Treatment options for patients with advanced biliary tract cancer are limited. Dysregulation of the immune system plays an important role in the pathogenesis of biliary tract cancer (BTC). This study aimed to investigate whether tremelimumab, an anti-CTLA4 (cytotoxic T-lymphocyte-associated protein 4) inhibitor, could be combined safely with microwave ablation to enhance the effect of anti-CTLA4 treatment in patients with advanced BTC. Patients were enrolled to receive monthly tremelimumab (10 mg/kg, intravenously) for six doses, followed by infusions every 3 months until off-treatment criteria were met. Thirty-six days after the first tremelimumab dose, patients underwent subtotal microwave ablation. Interval imaging studies were performed every 8 weeks. Adverse events (AEs) were noted and managed. Tumor and peripheral blood samples were collected to perform immune monitoring and whole-exome sequencing (WES). Twenty patients with refractory BTC were enrolled (median age, 56.5 years). No dose-limiting toxicities were encountered. The common treatment-related AEs included lymphopenia, diarrhea, and elevated transaminases. Among 16 patients evaluable for efficacy analysis, 2 (12.5%) patients achieved a confirmed partial response (lasting for 8.0 and 18.1 months, respectively) and 5 patients (31.3%) achieved stable disease. Median progression free survival (PFS) and overall survival (OS) were 3.4 months (95% confidence interval [CI], 2.5-5.2) and 6.0 months (95% CI, 3.8-8.8), respectively. Peripheral blood immune cell subset profiling showed increased circulating activated human leukocyte antigen, DR isotype ([HLA-DR] positive) CD8+ T cells. T-cell receptor (TCR)β screening showed tremelimumab expanded TCR repertoire, but not reaching statistical significance (P = 0.057). Conclusion: Tremelimumab in combination with tumor ablation is a potential treatment strategy for patients with advanced BTC. Increased circulating activated CD8+ T cells and TCR repertoire expansion induced by tremelimumab may contribute to treatment benefit.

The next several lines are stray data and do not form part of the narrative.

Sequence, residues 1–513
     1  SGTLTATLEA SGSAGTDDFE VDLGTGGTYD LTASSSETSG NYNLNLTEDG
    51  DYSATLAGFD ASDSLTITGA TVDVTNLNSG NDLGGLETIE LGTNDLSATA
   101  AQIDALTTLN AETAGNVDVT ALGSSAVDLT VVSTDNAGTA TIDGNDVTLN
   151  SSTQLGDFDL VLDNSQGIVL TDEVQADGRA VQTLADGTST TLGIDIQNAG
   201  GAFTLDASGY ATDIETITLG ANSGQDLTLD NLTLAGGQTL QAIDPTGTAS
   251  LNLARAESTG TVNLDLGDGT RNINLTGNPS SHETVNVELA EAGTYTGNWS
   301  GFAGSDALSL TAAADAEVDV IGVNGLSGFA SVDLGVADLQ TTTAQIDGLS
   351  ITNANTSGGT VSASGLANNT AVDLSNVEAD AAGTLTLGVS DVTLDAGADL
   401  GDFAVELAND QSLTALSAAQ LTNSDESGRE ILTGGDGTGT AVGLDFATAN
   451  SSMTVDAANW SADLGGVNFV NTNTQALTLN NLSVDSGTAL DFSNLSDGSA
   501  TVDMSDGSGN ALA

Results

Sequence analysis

Published 2018. This article is a U.S. Government work and is in the public domain in the USA.